Teck Trail Operations’ admission of 100 years of polluting the Columbia River last week does not support a previous CBC story claiming the citizens of a nearby U.S. town are adversely affected by the company’s operations, says the chair of the Trail Health and Environment Committee.
Gord DeRosa said he does not believe allegations that Teck’s effluent and slag tainted the health of the residents of Northport, Wash., contradicting an Aug. 14 CBC story.
The CBC claimed a Harvard Medical School study had found an unusually high—10 to 15 times the normal rate of disease—incidence of colitis and Crohn’s disease in Northport, located downstream on the Columbia River from Teck’s smelter.
In response, DeRosa—also a city councillor—said the City of Trail sent two letters out of a closed council meeting to the Ministry of Health in Victoria asking them to reaffirm the findings of two previous studies, absolving the city’s major employer.
“This is a not a new issue for us,” said DeRosa.
“We have heard the allegations before, and only by extension is city council reaffirming that it is not an issue for us.”
In 1994 the U.S Centre of Disease Control found there was higher incidence of inflammatory intestinal disease in other counties than Northport. Ten years later, in 2004, the B.C. Ministry of Health found the incidence of the two diseases in Greater Trail residents to also be well within the provincial limits.
The chair of the Trail Health and Environment Committee was chagrined by the negative press on an issue that was taken out of context.
“It was a very, very negative plight made on CBC radio five days in a row,” DeRosa stated during the committee’s last meeting on Sept. 4. “It went province-wide and it certainly did not reflect well. Even the suspicion or the accusation … was very unfortunate.”
Although the Harvard study ruled out a genetic connection—as few of the Northport victims were related—the study did not establish whether environmental toxins were behind Northport’s rate of Crohn’s disease and colitis.
The story perturbed councillor Rick Georgetti and he wondered how the disease could be so prevalent across the border from the city’s smelter, when the same conditions were not evident in the community that housed the operation.
“I don’t believe that (story). If that was the case then we would have an epidemic here because we are so much closer,” he pointed out. “And we don’t have any high cases. I don’t believe there is a correlation between Teck and the incidents in Northport.”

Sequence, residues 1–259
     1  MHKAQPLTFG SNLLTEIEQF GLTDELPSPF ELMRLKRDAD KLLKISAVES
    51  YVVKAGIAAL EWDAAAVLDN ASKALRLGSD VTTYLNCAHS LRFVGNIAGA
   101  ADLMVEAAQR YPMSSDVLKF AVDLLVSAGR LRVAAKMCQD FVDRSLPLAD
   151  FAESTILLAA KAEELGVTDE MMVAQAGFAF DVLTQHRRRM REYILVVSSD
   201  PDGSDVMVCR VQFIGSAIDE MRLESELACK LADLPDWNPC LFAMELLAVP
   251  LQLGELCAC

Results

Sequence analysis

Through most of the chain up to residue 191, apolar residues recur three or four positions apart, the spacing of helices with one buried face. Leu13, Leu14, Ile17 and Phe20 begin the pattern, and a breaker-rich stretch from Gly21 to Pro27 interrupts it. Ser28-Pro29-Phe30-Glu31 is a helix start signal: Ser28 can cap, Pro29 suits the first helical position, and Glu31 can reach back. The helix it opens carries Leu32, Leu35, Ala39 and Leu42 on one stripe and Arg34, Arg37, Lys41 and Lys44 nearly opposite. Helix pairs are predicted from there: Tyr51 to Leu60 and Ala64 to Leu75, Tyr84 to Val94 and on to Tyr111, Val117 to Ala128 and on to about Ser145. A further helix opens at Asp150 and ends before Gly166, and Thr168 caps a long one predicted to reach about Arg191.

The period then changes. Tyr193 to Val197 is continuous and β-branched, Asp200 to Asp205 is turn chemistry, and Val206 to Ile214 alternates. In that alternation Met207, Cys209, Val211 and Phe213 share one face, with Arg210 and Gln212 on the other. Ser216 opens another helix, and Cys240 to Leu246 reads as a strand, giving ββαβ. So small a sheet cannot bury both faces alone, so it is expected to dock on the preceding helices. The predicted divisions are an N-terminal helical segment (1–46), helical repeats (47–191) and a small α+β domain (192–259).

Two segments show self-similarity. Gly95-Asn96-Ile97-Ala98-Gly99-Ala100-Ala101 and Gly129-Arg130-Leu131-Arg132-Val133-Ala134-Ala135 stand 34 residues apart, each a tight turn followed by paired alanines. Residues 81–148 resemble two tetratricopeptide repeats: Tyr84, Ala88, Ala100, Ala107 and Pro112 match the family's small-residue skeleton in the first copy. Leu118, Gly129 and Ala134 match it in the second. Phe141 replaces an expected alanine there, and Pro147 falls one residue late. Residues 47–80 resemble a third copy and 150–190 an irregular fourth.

Teck Metals made an “admission of fact” in an agreement reached Sept. 10 with the Colville Confederated Tribes over environmental damage caused by effluent discharges dating back to 1896.
Under the agreement Teck stated some hazardous substances in the slag and effluent discharged from the Teck Trail Operations between 1896 and 1995 ended up in the Upper Columbia River in the U.S.
Acting Mayor Sean Mackinlay said at one time everything got thrown into the river—including waste from the City of Trail—so there has been that kind of impact on the ecosystem.
He noted that Teck was now publicly committed to remedying any environmental problems from the past, including the slag that has built up in Lake Roosevelt.
“At present, with what we have been looking at from studies, the fish and the water habitat in that area is actually some of the best in all of the state of Washington, so it is relatively quite clean,” he said.
“Of course, we would have hoped there had been no slag at all, but that’s an impossibility.”
Mackinlay discussed the situation last week with Teck’s communications manager Richard Deane and the company expressed ongoing commitment any cleanup that needed to get done would, in fact, be completed.
And given that council was responsible for the health and safety of the community, DeRosa was satisfied the Silver City’s citizens were safe.
“I haven’t heard anything about a rise in cases in Trail,” he said. “If Interior Health had any concerns they would have let us know about it. Ultimately, that is their job.”